10. That's not second guessing?
  11. Front page mentions the dismasting and rescue of the crew from SNAFU, Moore 24 in the Coastal Cup. Missing is acknowledgement of the two racers that stopped racing and came to stand by the dismasted boat while they waited for Coast Guard to arrive. Big seas, high winds, dark night, and both boats stood by for over two hours. Cal 40 Azure, J/109 Junkyard Dog Heroes in the making.
  12. The last time N2E was on the Cinco de Mayo weekend was 1974. Previous year there were near riots, with the street in front of Hussong's getting firehosed. So that year they busted anyone that moved wrong. Over 600 arrests in Ensenada that year. Moved a week later the next year...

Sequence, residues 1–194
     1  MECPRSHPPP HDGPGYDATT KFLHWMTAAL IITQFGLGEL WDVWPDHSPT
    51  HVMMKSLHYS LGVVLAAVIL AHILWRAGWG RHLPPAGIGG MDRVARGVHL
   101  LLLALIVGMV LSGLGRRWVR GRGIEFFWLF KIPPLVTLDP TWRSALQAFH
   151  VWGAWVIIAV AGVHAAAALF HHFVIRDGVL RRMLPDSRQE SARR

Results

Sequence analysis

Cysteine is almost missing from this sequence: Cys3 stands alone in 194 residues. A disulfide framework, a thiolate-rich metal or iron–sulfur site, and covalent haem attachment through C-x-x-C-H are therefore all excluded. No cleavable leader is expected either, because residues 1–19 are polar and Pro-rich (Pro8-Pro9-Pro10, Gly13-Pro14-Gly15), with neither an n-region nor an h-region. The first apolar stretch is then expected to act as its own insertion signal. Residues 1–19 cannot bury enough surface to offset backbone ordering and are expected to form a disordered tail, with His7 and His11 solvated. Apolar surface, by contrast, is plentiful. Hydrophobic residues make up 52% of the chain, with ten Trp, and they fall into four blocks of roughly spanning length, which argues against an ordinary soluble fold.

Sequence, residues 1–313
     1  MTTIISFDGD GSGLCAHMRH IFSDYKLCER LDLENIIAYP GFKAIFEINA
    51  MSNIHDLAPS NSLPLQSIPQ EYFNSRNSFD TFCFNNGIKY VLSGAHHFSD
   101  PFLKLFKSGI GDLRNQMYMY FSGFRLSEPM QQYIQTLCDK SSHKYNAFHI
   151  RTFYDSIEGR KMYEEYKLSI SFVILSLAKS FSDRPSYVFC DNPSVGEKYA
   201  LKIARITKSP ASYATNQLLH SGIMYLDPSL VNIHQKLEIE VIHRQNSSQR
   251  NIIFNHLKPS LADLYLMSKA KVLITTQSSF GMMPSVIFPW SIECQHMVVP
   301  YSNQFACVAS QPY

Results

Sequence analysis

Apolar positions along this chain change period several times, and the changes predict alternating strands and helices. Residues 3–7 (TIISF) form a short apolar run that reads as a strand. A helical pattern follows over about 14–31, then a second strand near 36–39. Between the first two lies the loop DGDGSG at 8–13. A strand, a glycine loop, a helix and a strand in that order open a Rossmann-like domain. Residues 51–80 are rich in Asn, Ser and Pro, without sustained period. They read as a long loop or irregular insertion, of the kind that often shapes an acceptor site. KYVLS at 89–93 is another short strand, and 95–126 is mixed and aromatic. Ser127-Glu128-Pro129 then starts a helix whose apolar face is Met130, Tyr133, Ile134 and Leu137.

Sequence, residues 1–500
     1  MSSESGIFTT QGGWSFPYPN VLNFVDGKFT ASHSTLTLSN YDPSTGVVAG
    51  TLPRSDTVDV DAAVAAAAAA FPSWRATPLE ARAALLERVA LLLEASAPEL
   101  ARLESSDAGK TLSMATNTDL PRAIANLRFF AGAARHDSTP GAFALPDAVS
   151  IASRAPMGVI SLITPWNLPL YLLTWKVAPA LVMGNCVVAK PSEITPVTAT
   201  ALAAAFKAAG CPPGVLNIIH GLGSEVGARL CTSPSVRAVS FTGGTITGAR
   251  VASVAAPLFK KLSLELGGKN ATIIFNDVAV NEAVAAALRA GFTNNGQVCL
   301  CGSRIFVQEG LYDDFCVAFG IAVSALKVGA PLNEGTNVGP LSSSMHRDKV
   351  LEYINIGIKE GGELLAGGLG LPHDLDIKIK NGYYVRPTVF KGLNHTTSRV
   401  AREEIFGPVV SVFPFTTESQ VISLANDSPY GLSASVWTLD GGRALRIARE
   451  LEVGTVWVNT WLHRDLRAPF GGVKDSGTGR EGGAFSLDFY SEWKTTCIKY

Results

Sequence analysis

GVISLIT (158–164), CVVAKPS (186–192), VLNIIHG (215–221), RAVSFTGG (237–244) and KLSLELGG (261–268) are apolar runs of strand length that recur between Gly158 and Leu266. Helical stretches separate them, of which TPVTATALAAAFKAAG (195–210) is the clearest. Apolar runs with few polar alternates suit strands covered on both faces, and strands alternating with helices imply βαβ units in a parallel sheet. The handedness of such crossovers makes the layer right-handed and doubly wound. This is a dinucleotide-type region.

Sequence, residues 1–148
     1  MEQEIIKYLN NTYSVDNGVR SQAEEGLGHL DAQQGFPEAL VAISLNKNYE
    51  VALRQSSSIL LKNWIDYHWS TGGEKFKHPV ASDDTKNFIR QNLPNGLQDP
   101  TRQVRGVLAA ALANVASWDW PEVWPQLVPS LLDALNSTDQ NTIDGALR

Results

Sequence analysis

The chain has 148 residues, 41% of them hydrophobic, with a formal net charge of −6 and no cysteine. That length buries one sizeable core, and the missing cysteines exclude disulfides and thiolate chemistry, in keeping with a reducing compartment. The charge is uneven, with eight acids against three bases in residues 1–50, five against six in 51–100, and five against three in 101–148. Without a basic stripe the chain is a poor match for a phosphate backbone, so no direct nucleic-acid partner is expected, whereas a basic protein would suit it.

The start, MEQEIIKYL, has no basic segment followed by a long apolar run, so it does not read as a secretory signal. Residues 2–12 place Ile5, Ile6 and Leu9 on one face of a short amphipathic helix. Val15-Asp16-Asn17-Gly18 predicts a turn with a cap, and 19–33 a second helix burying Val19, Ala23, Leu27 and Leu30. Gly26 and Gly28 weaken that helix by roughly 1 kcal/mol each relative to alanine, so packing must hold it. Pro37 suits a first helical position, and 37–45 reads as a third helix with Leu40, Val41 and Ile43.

13. Not new scheduling wrt Yachting Cup. Except for the year N2E was moved for Easter, N2E has been the week before Yachting Cup. (I think Yachting Cup was originally scheduled to take advantage of N2E returnees.) [Note: already entered.]
  14. Long ago, I had a 1964-ish Islander Bahama. Did some research and found that the hull mold was used for a number of boats around that time, with different decks and mast placements. The ones I know for sure are Islander 24, Islander Bahama (flush deck), Columbia 24, Columbia Challenger (flush deck), and the Del Rey 24. Boat was solid fiberglass. Installed a compass in the cabin wall at front of cockpit, and the glass was over a half-inch thick. Heard of someone putting a bolt in the bow on one for pulling onto a trailer, and it was 2" thick there. Builders weren't sure about how strong fiberglass was at that point, I guess.
  15. US Sailing Safety at Sea class is online now. http://www.boaterexam.com/sailing/safetyatsea/